Save Yourself to Financial Freedom

Financial Independence

Financial Independence (FI) is a state in which an individual or household has sufficient wealth to live on without having to depend on income from some form of employment. Financially independent people have assets that generate income (cash flow) that is at least equal to their expenses. Having achieved Financial Independence doesn’t mean you are retired. It means that you can choose to work or play on your terms. There is several levels of Financial Independence but that will be covered in a future post.

Savings Required for Financial Independence

Typically the FI community assumes a safe withdrawal rate of 4% from your investments (assuming you generate over 4% a year) so that you don’t have to impact (reduce) your principal investment. An issue I have with this is it doesn’t account for the inflation rate (rising prices). Realistically, one should factor in withdrawal rate plus inflation rate – typically between 1.5-3.0% in the developed world – when doing long-term planning for retirement. This means your passive income has to grow by 5.5-7% for you to be able to withdraw 4% safely. Historically, investing in real estate or in a major stock market index have been the main avenues to generate such rates, however this doesn’t mean one can rely on it. Whilst historic performance is a good indicator for future performance, surprises in the stock market and financial markets are not uncommon during these days of financial system instability. Personally I tend to be ultra-conservative when I do my retirement planning – crunching numbers, evaluating assets, always assuming the worst parameters and choosing the ‘safest’ assets to invest into just to be on the cautious side. This has served me very well in my planning and executing my plans to date.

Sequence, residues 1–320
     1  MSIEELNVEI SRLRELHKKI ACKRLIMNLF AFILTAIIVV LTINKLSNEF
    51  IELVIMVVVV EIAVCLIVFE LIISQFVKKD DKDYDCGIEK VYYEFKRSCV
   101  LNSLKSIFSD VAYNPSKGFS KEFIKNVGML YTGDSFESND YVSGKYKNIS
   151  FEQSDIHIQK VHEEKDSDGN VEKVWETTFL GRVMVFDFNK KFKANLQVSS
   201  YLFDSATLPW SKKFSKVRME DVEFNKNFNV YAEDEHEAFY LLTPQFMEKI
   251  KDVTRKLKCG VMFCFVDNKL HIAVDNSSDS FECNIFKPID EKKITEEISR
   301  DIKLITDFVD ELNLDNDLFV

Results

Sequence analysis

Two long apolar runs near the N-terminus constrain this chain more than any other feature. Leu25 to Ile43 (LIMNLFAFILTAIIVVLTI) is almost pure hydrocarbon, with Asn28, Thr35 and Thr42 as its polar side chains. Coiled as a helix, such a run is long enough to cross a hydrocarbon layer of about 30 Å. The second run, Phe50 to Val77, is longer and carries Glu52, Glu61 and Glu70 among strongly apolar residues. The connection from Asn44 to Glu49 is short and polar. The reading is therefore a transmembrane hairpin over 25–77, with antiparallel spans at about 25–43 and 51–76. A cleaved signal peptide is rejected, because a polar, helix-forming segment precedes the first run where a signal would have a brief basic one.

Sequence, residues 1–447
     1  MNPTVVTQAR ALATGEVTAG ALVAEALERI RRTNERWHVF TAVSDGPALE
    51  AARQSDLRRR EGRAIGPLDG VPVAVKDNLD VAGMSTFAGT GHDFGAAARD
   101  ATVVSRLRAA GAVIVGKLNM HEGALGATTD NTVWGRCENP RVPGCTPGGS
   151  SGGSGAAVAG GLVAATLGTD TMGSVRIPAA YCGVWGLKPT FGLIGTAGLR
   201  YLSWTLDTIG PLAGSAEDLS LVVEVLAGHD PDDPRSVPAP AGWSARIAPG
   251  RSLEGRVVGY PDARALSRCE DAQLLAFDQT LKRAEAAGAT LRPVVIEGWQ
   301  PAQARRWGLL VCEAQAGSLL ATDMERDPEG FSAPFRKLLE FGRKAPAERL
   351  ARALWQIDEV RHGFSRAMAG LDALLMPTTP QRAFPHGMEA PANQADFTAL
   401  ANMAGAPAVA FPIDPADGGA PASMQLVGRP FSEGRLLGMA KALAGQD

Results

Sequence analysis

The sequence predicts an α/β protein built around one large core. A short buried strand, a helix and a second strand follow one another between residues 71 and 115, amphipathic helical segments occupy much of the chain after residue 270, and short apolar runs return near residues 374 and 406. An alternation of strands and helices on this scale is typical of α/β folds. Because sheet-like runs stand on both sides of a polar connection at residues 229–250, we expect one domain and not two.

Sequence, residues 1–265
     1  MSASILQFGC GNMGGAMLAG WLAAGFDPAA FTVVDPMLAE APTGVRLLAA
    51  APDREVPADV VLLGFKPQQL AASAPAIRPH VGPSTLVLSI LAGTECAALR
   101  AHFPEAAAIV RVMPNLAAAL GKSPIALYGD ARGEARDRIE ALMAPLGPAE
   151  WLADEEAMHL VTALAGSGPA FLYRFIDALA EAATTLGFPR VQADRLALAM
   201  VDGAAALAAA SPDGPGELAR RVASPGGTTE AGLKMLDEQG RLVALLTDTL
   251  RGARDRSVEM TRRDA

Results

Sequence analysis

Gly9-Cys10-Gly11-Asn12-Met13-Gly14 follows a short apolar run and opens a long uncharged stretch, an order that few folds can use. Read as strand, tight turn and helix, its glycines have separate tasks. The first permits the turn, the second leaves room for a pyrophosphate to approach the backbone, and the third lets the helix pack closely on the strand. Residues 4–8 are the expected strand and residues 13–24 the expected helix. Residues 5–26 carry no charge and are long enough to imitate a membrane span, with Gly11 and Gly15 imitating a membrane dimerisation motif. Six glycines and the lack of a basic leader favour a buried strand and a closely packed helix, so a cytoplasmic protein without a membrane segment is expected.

So what does it mean to aim for a 4% withdrawal rate? Assuming a 4% withdrawal rate means you need to have amassed savings of at least 25x your annual expenses. These differ based on the lifestyle you lead. So if you have annual expenses of $30,000, you need savings of $750,000, and invest this at a rate of return of at least 5.5% (assuming 1.5% inflation) to consider yourself financially independent with a annual budget of $30,000.

Here is a table of what you need to save up based on your living expenses:

Annual Expenses

Required Savings for Financial Independence